Vanderbilt University Makes Massive DNA Data Base Available for Researchers To Study Use With Medical Records
Posted Jan 05 2010 11:22pm
All DNA samples and medical records have been de-identified so use in research can take place. The research will be able to determine if genetic information in the medical records could help improve patient care via using personalized medicine, based on genomic information added to a medical chart. With a de-identified record, researchers will be able to study and evaluate a medical record and see if personalized genomic information added would have perhaps created a better or different outcome with treatment. BD
More than five years in development, Vanderbilt University’s DNA databank, called BioVU, is now open for business. Late last month Vanderbilt researchers gained access to one of the largest repositories of its kind to conduct genetic studies of human disease and drug response. “This is a resource for discovery,” said Dan Roden, assistant vice chancellor for personalized medicine. “The next step is to actually use this information in the care of patients.” Genetic variations can increase the risk of developing certain diseases. They also explain why certain medications don’t work in some patients and can cause serious, sometimes life-threatening effects in others.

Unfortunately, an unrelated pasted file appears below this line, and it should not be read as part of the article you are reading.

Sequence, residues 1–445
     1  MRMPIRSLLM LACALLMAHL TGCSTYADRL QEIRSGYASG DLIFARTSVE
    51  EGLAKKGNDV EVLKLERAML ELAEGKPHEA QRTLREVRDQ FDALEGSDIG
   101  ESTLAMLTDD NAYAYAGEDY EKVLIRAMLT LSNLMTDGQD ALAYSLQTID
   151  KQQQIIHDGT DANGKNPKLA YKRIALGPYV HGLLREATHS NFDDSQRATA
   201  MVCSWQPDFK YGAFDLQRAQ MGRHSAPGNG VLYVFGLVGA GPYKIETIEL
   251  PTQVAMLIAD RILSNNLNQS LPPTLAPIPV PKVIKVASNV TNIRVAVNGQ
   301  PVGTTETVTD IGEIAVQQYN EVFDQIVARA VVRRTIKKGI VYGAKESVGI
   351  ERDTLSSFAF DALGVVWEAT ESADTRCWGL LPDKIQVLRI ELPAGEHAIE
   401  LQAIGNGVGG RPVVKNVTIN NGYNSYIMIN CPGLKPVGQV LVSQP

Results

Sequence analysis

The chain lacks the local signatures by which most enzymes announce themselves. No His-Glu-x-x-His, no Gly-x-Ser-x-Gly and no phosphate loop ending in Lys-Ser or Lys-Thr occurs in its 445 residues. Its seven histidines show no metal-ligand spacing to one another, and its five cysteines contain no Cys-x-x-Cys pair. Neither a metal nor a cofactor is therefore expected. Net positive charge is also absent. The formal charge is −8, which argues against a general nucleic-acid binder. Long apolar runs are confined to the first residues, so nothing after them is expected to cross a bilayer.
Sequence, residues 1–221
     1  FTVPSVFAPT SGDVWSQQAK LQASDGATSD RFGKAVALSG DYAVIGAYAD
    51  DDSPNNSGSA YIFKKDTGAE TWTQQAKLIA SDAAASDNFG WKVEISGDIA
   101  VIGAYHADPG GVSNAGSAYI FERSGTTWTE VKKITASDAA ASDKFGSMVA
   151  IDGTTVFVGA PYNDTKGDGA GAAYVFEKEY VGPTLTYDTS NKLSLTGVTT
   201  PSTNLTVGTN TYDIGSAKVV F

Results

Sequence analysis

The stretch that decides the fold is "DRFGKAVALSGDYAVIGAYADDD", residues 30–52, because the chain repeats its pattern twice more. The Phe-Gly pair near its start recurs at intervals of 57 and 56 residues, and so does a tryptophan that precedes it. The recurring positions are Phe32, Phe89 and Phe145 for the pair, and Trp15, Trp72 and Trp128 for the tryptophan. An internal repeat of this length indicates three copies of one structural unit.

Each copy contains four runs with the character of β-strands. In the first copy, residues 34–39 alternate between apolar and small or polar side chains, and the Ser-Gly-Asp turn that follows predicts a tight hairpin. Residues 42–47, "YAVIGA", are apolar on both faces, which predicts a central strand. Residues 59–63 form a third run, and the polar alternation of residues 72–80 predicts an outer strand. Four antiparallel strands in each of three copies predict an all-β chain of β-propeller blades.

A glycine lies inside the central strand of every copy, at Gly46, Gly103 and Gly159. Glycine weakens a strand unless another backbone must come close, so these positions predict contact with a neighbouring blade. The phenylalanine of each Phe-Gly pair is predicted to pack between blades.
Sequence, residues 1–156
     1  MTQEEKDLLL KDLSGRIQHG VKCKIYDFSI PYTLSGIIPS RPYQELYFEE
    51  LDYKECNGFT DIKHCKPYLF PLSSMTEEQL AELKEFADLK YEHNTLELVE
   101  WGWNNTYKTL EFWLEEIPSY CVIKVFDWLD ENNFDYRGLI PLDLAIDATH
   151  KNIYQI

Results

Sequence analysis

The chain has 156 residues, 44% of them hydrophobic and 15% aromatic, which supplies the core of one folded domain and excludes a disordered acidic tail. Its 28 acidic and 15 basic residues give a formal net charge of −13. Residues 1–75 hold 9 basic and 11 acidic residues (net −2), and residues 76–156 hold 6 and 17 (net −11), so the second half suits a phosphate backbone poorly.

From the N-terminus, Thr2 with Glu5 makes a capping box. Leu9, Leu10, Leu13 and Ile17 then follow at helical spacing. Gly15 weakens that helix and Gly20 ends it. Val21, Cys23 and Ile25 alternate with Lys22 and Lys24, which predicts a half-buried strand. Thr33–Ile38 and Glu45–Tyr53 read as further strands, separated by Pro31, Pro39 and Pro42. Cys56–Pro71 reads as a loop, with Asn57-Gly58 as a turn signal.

In 2007, BioVU began extracting DNA from blood samples of adult patients at Vanderbilt that otherwise would be discarded. To date it has acquired nearly 75,000 DNA samples, linked to their matching electronic medical records. Both the samples and the records are “de-identified,” meaning that all personal information has been stripped away to guarantee patients’ anonymity. BioVU will begin receiving samples from pediatric patients later this year, and ultimately it will contain biological samples from 250,000 individuals.
One of the projects, Vanderbilt Electronic Systems for Pharmacogenomic Assessment, will test whether variations in patients’ DNA could have predicted their responses to certain medications. If so, genetic information embedded in the electronic medical record could help improve treatment outcomes and avoid adverse drug effects.